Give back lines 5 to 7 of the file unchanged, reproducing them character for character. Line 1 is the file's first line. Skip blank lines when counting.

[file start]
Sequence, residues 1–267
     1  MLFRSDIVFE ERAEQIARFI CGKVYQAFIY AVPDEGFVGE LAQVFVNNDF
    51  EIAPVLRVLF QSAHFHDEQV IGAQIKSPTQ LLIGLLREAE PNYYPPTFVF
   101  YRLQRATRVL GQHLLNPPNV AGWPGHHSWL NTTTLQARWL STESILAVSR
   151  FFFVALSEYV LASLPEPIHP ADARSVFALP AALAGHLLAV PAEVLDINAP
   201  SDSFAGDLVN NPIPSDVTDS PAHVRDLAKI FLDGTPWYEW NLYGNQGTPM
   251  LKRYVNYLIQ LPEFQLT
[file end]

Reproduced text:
   151  FFFVALSEYV LASLPEPIHP ADARSVFALP AALAGHLLAV PAEVLDINAP
   201  SDSFAGDLVN NPIPSDVTDS PAHVRDLAKI FLDGTPWYEW NLYGNQGTPM
   251  LKRYVNYLIQ LPEFQLT